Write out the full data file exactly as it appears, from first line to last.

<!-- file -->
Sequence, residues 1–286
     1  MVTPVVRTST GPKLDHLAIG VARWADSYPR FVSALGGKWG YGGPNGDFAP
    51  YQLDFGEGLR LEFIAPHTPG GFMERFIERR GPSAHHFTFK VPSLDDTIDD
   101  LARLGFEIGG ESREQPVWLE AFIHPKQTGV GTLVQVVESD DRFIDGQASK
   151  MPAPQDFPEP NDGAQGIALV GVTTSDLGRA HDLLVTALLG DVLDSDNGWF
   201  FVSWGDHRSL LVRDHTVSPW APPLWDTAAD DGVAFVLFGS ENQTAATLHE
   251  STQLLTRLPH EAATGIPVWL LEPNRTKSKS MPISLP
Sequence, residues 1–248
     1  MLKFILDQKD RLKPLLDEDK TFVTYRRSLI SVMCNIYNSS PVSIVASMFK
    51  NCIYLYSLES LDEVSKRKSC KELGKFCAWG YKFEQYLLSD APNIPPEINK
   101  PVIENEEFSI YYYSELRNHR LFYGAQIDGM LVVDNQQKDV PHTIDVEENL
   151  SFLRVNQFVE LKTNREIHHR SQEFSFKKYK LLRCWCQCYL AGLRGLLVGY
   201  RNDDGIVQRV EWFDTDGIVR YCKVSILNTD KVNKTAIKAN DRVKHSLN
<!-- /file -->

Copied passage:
Sequence, residues 1–286
     1  MVTPVVRTST GPKLDHLAIG VARWADSYPR FVSALGGKWG YGGPNGDFAP
    51  YQLDFGEGLR LEFIAPHTPG GFMERFIERR GPSAHHFTFK VPSLDDTIDD
   101  LARLGFEIGG ESREQPVWLE AFIHPKQTGV GTLVQVVESD DRFIDGQASK
   151  MPAPQDFPEP NDGAQGIALV GVTTSDLGRA HDLLVTALLG DVLDSDNGWF
   201  FVSWGDHRSL LVRDHTVSPW APPLWDTAAD DGVAFVLFGS ENQTAATLHE
   251  STQLLTRLPH EAATGIPVWL LEPNRTKSKS MPISLP
Sequence, residues 1–248
     1  MLKFILDQKD RLKPLLDEDK TFVTYRRSLI SVMCNIYNSS PVSIVASMFK
    51  NCIYLYSLES LDEVSKRKSC KELGKFCAWG YKFEQYLLSD APNIPPEINK
   101  PVIENEEFSI YYYSELRNHR LFYGAQIDGM LVVDNQQKDV PHTIDVEENL
   151  SFLRVNQFVE LKTNREIHHR SQEFSFKKYK LLRCWCQCYL AGLRGLLVGY
   201  RNDDGIVQRV EWFDTDGIVR YCKVSILNTD KVNKTAIKAN DRVKHSLN